Backfire, May 2001

The scandalous pre-Pearl Jam past of Mike McCready: He crimped his mullet!
By Dawn Anderson

 

                    Let me tell you up front: I'm not the world's biggest Pearl Jam fan. So it should mean even more coming from me that PJ played a truly mind-blowing show in Seattle last November. You can hear for yourself on a three-CD set (priced as one -- yeah, they're still fighting for the common folk), part of an endless stream of official "bootleg" CDs commemorating their last tour. You won't get the visuals, of course. You'll miss Mike McCready flying through space, doing mid-air splits and bashing his guitars into rubble (the latest casualty was a rather tacky looking green Fender -- as soon as he strapped it on we knew what was coming). You'll miss him making faces at specific people in the audience, like the only one in the crowd of 17,000 who hates the song "Jeremy" and decides to let him know it with a fit of exaggerated gagging. What the hell; he probably hates the song too, by now. But he does happen to like Backfire, so when I ran into him backstage he agreed to meet for an interview later that week (that's right, PJ fanatics, I was backstage, you weren't, and I didn't even deserve to be! Hahahahaha!). I had an old picture of Shadow that I was dying to taunt him with. Shadow was his old hair metal band, back before anybody said "hair metal" because that would have been redundant. The Shadow guys were wide-eyed youngsters in striped spandex, and they were dead serious. Their sound was near the pop end of the full metal spectrum -- more Cheap Trick than Black Sabbath. They found an early fan in Stone Gossard, guitarist for the pioneering trashrock band Green River, which also featured future PJ bassist Jeff Ament. Shadow and Green River were near-opposites musically, but by the time Stone and Jeff joined up with Andy Wood and friends to form Mother Love Bone, their arena rock leanings were becoming more obvious. Pearl Jam was destined for enormo-domes from the start, every song a huge, sweeping statement full of wailing guitars, crashing crescendos and earnest, tortured vocals. They are probably the only modern rock band large enough to cover the Who's "Baba O'Riley" without cheesiness -- okay, with only the necessary cheesiness. They're not a glum lot, though. Eddie Vedder's got the balls to get up in front of 20,000 people and play "Iron Man" on a ukelele, which makes him okay by me. Of course, he could just as easily play "Seasons In The Sun" on a kazoo and his fans would scream with ecstasy. But enough about him. Let's talk about Shadow. In 1984 the band members left for LA to become famous and of course failed -- a very common scenario for Seattle bands in the 80's. This could have been the end for McCready, who told me in an 1994 interview, "I cut my hair and got really depressed and became a Republican. Then I did acid a couple months later and realized I was an idiot." He stopped his sniveling and got reacquainted with Stone and Jeff, who had just sent a tape to some surfer dude in California, and you already know the rest of that story. Meanwhile Mike still plays with three of his ex-Shadow bandmates (Danny Newcomb, Rick Friel and Chris Friel) along with singer Carrie Akre in a band called the Rockfords. They released a self-titled CD last year, which also features guest vocals from Heart's Nancy Wilson. When I interviewed Mike he was getting ready to leave for New York, where he and Nancy planned to collaborate on the soundtrack for Cameron Crowe's next movie. Crowe is Wilson's husband, but is better known among my colleagues as the only rock critic ever to become rich.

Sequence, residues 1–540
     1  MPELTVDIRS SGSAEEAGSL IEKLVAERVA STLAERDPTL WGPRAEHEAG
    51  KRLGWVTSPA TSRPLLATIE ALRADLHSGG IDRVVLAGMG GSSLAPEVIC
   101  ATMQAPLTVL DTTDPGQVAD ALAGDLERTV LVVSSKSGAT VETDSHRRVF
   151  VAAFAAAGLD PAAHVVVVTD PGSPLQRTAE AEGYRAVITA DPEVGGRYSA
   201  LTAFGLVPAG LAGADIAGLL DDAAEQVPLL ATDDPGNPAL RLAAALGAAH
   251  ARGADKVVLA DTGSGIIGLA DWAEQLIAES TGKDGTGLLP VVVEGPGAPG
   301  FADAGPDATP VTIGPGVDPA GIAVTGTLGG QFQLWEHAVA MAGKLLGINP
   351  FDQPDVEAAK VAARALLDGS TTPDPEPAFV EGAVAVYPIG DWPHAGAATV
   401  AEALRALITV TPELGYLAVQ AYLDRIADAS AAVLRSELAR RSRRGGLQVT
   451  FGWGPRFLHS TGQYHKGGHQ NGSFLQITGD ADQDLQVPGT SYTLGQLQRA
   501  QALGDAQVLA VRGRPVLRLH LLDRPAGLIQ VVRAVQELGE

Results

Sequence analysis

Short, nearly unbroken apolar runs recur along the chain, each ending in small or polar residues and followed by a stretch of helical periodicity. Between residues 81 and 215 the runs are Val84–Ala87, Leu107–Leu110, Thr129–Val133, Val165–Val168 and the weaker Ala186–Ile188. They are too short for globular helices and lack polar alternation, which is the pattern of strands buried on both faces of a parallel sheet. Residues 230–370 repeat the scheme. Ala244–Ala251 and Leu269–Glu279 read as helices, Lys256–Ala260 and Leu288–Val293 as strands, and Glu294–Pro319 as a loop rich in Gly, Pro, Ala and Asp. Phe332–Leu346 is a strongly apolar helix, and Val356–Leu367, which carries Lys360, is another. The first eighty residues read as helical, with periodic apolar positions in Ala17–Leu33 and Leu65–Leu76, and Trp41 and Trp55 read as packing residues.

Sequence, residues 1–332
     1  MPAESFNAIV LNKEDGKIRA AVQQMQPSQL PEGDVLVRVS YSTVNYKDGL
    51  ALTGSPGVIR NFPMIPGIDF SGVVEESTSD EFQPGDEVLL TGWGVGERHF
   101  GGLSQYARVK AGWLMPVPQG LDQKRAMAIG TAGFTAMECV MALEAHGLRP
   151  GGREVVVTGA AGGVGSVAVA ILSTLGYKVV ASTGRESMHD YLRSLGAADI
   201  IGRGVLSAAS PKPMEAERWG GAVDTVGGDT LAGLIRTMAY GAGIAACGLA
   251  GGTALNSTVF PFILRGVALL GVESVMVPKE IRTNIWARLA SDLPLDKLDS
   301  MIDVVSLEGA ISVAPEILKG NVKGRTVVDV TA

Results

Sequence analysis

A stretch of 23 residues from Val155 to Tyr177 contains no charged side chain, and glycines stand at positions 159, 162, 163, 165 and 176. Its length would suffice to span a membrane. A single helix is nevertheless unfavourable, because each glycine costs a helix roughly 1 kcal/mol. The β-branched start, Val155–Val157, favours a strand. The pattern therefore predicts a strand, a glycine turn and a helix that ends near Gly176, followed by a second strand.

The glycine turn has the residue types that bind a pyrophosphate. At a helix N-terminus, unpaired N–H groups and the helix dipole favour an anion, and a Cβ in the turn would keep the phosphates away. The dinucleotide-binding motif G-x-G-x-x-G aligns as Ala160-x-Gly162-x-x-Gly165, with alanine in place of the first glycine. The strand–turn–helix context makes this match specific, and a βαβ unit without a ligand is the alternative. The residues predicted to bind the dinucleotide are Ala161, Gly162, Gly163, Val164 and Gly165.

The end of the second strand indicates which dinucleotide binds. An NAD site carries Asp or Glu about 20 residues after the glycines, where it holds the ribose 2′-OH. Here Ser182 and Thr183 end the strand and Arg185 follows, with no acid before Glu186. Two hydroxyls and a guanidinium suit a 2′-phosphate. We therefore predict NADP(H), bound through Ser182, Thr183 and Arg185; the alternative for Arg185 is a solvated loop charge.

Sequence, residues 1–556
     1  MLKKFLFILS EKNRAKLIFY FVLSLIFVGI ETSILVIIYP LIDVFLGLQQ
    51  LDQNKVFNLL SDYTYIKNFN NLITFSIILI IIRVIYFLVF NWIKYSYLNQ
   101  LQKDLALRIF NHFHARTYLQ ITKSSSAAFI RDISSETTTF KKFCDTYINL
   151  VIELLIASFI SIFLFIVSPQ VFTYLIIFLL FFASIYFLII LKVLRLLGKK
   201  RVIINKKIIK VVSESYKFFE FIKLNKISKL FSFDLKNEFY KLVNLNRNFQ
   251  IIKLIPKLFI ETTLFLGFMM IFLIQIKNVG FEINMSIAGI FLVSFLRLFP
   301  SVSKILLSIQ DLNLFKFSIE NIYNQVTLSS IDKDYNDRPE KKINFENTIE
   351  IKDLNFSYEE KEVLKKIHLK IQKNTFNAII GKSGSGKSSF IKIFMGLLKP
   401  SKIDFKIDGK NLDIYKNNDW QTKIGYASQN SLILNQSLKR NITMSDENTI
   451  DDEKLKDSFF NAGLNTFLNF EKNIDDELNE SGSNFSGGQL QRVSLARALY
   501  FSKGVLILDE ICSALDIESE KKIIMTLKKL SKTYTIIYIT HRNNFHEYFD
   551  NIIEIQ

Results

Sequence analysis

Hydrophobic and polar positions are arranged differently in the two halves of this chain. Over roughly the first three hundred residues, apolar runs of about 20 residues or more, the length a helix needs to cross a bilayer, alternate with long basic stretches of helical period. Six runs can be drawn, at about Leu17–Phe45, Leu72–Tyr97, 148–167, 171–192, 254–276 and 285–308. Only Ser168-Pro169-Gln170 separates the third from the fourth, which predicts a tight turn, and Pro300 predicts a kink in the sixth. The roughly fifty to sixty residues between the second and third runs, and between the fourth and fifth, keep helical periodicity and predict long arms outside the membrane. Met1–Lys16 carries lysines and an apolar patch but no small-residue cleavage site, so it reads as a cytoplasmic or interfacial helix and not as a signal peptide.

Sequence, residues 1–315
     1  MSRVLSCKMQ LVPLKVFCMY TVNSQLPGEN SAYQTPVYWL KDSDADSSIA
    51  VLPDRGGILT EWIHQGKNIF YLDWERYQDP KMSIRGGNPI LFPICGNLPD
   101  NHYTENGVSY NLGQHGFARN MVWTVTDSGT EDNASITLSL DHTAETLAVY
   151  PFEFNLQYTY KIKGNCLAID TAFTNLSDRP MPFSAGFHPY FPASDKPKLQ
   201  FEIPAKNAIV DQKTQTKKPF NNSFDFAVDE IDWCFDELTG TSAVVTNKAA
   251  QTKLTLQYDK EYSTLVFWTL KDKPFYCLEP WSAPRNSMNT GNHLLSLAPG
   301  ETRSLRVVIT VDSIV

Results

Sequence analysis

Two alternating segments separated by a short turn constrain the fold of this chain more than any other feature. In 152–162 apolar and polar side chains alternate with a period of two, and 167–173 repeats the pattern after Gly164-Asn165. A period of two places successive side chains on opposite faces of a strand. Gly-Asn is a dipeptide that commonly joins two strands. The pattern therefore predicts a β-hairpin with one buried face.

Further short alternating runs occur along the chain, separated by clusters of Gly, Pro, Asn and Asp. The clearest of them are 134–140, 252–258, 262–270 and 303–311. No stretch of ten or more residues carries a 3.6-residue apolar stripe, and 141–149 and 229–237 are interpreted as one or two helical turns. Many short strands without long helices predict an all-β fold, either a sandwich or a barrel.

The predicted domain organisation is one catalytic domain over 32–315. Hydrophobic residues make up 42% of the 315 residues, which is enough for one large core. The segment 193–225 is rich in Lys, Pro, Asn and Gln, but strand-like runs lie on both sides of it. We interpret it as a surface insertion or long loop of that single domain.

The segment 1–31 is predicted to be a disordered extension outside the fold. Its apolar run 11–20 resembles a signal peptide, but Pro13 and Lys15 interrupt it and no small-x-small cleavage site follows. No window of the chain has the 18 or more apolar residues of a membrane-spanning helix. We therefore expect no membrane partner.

HAIR APPARENT

 

Dawn Anderson: First of all, I want to show you this, just to get your reaction [I show him the Shadow photo.]

Mike McCready: Oh, my god. Look at that hair!

DA: Yours is the most reasonable hair of the group.

MM: I guess. It's kind of a mullet though. It looks like a turtle. God, I think I thought I looked good then. Woo!

DA: Was that when you went to LA?

MM: Yeah, that was just before we went to LA. We got even more LA than this. My hair grew out into an even larger mullet, and I crimped it too. I crimped my mullet.

DA: It's so weird how it turned out, that you would hook up with these guys from Green River and it would come to this... weird.

MM: It is a weird thing, yeah. It's a strange stretch. But I knew Stone from back then; we were friends. Actually the first time Stone saw me playing was right at that apartment down there [on Capitol Hill]. I was at a party at my friend's house and we were just jamming and he came in and said, "Hey, you sound really good." That was right when Love Bone was happening. So maybe he remembered that night. I don't know.

DA: When you were a teenaged boy, could you even imagine going off to New York to write songs with Nancy Wilson?

MM: No way. No fucking way!

DA: She was someone who teenaged boys thought was --

MM: Super hot. And rockin'. Super rockin'. Yeah, back in the day I would dream about those kinds of things, but who knew?

DA: It's weird what happened to people in this town.

MM: Really strange. A lot of people here are really lucky.

 

NOW HE'S IN SOME OTHER BAND

 

Pearl Jam is taking a much-needed break from touring and plans to record a new album next year. It will be their final release under their contract with Epic Records and after that, who knows (maybe Pearl Jam does but they sure aren't gonna tell me). In the meantime, watch for a rarities collection to come out later this year.

DA: I've heard rumors that this was Pearl Jam's last tour. Is that true, or is it just a hiatus?

MM: It's just a hiatus. Everybody keeps asking me if this is our last one. I haven't heard anything from the band...

DA: Well, maybe they just haven't told you yet, ha ha.

MM: Maybe not. I'm probably in the dark, and I'm out of a job now.

DA: It's just that some of Eddie's comments on stage had this air of finality about it. "Thanks for all your support over the years." And the audience, all these people holding up these signs that said "Thank you," and that seems almost like a goodbye.

MM: Well, we've gotten those "thank you" signs over the years. It's part of the fan club that does that. Some of Eddie's comments did sound final I guess. We were planning on doing another record. I think Eddie was burnt out from the tour and the Roskilde thing and what a crazy year it's been because of that. So it maybe had a final feeling to it because of the length of the tour and the shit that went down.

DA: Are Stone and Jeff grouchy and jaded? [I had no particular reason to think that they would be, but they are from Seattle, after all.]